Steps away from Liverpool’s world museum; history was about to take place. Such an interesting day promised with an amazing line up set to sway any naysayers of the weekend’s events. Wandering round the site was a far cry from the muddy sludge pits of any usual festivals; in fact it was quite literally a walk in the park.
The scenes on the outside on the other hand were quite the opposite. Chaos ensued as the sheer scale of queues began to grow out of hand. Once inside though the chaos decreased in the form of Rothwell at the “In the Lady Garden” stage. Armed with just an acoustic guitar, her chilled out tunes were met perfectly by the glorious rays of sunshine.
The “Wonders of the Age” stage introduced Haunt The Woods’ chilled out folk vibes. Next on was a band championed by the one and only Peter Crouch during his brief stint covering on Radio X. Wild Front brought 80’s-esque synths and an interesting violin bow/guitar combination. The resulting sound was hauntingly big and resonated heavily yet was wasted on such a small crowd.
Cute little details and features were dotted around the park. Flamingo statues signposted as “seagulls in disguise”, the woman that turned into a tree (a bra stapled to a tree), hay bale seating areas, a playable piano and benches marked “sit down next to me” to rest your tired festival legs on; were all quaint additions to the exclusivity of an inner city festival.
There might’ve been seagulls in disguise but such a luxury was never to be had by any pigeons; not with the Pigeon Detectives around. Although the tunes were on point and as lively as ever there seemed to be a bee in Matt Bowman’s bonnet. The rowdy frontman began taking pot shots at the organisers with statements like “looks like no one here owns a watch” and making comments on the fact there was no time for their usual “banter” in-between songs.
It soon became apparent that there were some serious timing issues with the main stage. At one point acts were coming on almost two hours later than the set times had promised. Despite all these serious miscalculations the event pushed on into the late afternoon.
Back over on the “Wonders of the Age” stage Dave McCabe held the attention of a sizable crowd with a number of tunes and fun stories to boot – no timing issues there it seemed. The former frontman of The Zutons even had the crowd bellowing out Survivor’s ‘Eye of the tiger’ just for the fun of it.
After much confusion as to when acts would actually be playing the main stage and rumours about the cancellation of Charlotte Church crowds were at least able to appreciate both The View and Embrace from a distance as “The Great Exhibition” stage could still be heard from the lesser packed parts of the gardens.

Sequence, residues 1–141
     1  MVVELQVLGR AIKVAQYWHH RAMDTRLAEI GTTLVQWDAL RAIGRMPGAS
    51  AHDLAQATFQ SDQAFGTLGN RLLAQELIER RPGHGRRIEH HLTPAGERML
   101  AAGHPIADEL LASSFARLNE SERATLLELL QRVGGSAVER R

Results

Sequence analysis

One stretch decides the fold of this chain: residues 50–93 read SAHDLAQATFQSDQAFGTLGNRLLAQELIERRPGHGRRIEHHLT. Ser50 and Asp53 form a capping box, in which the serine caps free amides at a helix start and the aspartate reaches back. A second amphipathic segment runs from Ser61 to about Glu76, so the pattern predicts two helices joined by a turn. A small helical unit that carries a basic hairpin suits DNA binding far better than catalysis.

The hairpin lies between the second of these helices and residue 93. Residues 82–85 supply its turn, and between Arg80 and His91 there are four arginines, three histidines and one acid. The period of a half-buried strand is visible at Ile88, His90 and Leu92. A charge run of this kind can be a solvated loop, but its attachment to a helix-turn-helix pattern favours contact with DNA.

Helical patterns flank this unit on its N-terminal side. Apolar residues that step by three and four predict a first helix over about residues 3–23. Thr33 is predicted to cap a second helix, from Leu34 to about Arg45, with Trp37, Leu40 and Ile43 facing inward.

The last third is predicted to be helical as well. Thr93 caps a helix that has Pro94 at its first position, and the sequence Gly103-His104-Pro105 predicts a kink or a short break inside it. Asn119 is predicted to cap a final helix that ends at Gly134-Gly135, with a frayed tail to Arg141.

Just before The Fratellis were announced onto the stage a set list with the omission Charlotte Church was displayed. After a quick social media stalk; the rumours of her getting the axe were confirmed without a reasonable explanation. No flies on The Fratellis though as they flew through their set. Obviously the crowd erupted over fan favourite and all round indie classic “Chelsea Dagger” and with that their set had ended just as soon as it started.
Razorlight followed suit with brilliant recollections of classic anthems like “America” and “Before I Fall to Pieces”. However, yet again the stage presence in-between songs proved to be extremely tame. This was especially strange considering the usual controversial/entertaining nature of frontman Johnny Borrell.
Headliners James’ took to the stage 10 minutes later than the already tampered with set time after a lengthy set up. “Sit Down” was dropped about halfway through the set and it did not disappoint. However disappointment came soon after as all were informed that due to the timing issues a number of songs had to be cut. This kicked off a downward spiral of boo’s and jeers, which was met by an equally frustrated band member as the guitarist responded with “It’s not our fucking fault!”
Well that was fucked up. Sorry everyone was messed around so badly. Hope you managed to find some pleasure amongst the chaos. NBL.
During the Saturday event it was hard to gage how serious the problems were. Yes there were timing issues and yes the crowd control could’ve been better. But it’s hard to believe that this is the first time in festival history that these teething problems have occurred. The following morning left a sour taste in the mouth though, as the festival organisers seemed to have lost all hope and sold their glory. The ominous “No Festival Today” was the only clue most people were left with, which lead to a serious backlash on all forms of social media. A beautiful triad of finger-pointing, name-calling and scapegoating ensued and the level of professionalism was almost non-existent. As per usual the internet had cast its line waiting for Hope & Glory to bite… and they bit hard!
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A few scraps of pride were clawed back with the official statement being released on Monday (7/8/17). However the running theme of blame passing continued only this time more eloquently. Whilst explanations were somewhat provided, perhaps if they had spent less time thinking of excuses and more time facilitating the correct amendments the festival could have been a glorious success as opposed to the hopeless grovelling disaster that it unfortunately became.